In a traditionally un-masculine industry, Josh Warner is a man’s man, creating motor oil-coated, leather jacket–wearing, metal spike-sporting jewelry. That’s right, jewelry. In an unassuming warehouse in downtown Los Angeles, he operates his factory and headquarters of his company, GOOD ART HLYWD. For several years now, Warner has been re-imagining how men approach jewelry and accessories. Though he in no way takes exception to calling his work” jewelry”, he does clarify, “it’s not the good jewelry company – it’s the good art company.” And works of art, he produces.
The motto of GOOD ART HLYWD is “Genuine American Luxury”, and it is these three things that most accurately describe the company and its work. When Warner speaks of his work being genuine, he is interested in the honesty of the materials, the simplicity of the manufacturing process, and the fact that he only designs pieces he thinks are “bitchin’”. He brags that his is an American company, not in a “Buy American!” way, but more as a tribute to American ingenuity and earnestness. Warner, justly, sees his work as a tribute to and continuation of Americana. Finally, “Luxury” describes his “do it right or not at all” mentality as his small group of highly skilled workers will literally pour days into a single piece of jewelry until it is up to the standards of GOOD ART HLYWD.
The scope of the work is incredible and expanding – from rings and bracelets to key-chains and lighter cases- and every piece has been painstakingly designed and redesigned by Warner. In his work there is always a tentative balance between delicate ornament and heavy, brute forms. His pieces display innumerable takes on themes such as skulls, rosettes, Celtic and Germanic patterns, and Spanish crosses; they are all equally beautiful and intimidating at the same time. If Sly Stallone and Arnold Schwarzenegger wore necklaces and rings, Josh Warner would be the man making them – which in fact, they do, and he does. While his list of celebrity patrons is long and impressive, it is his dedication to his craft and the earnestness in which he attacks it that is most notable.
GOOD ART HLYWD is definitely a brand that defines and promotes a certain style, a style that Warner says comes directly from things he is interested in. “My tastes run to mechanical things, engines, motorcycles, bourbon, cigars, corduroy, and denim. I like things that are earnest and easy to understand. I’m pretty sure that things like skulls and crosses are never going to go out of style; I’m just glad I love them”
While one’s first reaction might be to shirk at the idea of wearing a big skull ring, you will undoubtedly think twice after learning of the insane process of molding, forging, extracting, and refining said ring. Using technology that has remained unchanged for hundreds of years, Warner uses countless “violent little hand tools” and post-apocalyptic looking ovens to create his pieces. The factory is like a mad scientist’s laboratory – only this mad scientist rides a Harley and brutalizes metal into art for a living. Littered all around the shop are sketches and mock pieces of designs, patterns, and mechanisms. GOOD ART HLYWD has also become recognized for their technologically innovative and seamlessly integrated clasps. “Traditionally the clasp was always something everybody put up with…why not show it off? This is the part you get to touch most- I say it should be the coolest part of the piece”, says Warner. This fascination for the feel of the jewelry is evident as Warner tours around his factory, encouraging visitors to try on and hold as many pieces as possible.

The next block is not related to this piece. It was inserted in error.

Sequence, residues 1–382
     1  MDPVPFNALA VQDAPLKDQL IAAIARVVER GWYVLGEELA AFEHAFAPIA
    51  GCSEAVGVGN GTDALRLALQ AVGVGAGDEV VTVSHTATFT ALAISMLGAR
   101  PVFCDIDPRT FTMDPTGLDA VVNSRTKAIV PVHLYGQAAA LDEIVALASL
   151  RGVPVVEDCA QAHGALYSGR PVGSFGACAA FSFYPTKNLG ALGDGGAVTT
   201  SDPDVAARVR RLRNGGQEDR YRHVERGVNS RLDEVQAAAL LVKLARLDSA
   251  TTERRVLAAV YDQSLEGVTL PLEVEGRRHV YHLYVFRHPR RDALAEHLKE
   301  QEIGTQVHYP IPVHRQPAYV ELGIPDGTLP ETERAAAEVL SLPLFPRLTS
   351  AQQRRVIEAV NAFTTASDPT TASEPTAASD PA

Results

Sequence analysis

Long have men been relegated to their watches, simple rings, and the rare cuff-links as their only allowed form of accessorizing. At GOOD ART HLYWD, you can still get cuff-links, but they will be in the form of a demonic skull with ruby eyes. (If your sharp business skills aren’t enough to seal the deal in that next client meeting, then surely the intimidation factor that comes with these cuff-links should handle it). It appears to be a mission of the company, to expand its reach into realms of jewelry that men were never allowed to venture before. As Warner says, “The preconceived notions of jewelry are such that its gender specific. It’s a little weird if you’re a guy that likes jewelry but not a watch? That never made much sense to me.”
When asked about the challenge of designing jewelry for men and attracting men to wearing jewelry, Warner points to one of his three motorcycles in the corner and says ”that right there…that’s a man’s toy, that’s a man’s realm”. He then picks up his Model 10 Bracelet, a large chain with a heavy duty, rosette stamped clasp and says, “Now that’s not your grandma’s bracelet. I don’t care what you want to call it, that’s just great”. He goes on to say that he doesn’t care what his craft or his pieces are called, “There’s not a lot of need for significance when something is inherently and intrinsically f**king rad. If it rules and it’s cool, it doesn’t need a name to make it f**king cool.”
Social conventions may continue to dissuade some guys from wearing jewelry, no matter how testosterone fueled the designs are. Regardless, as men come to terms with their ability or inability to wear jewelry and accessories, rest assured; Josh Warner and companies like GOOD ART HLYWD will continue to be there, creating “Genuine American Luxury”.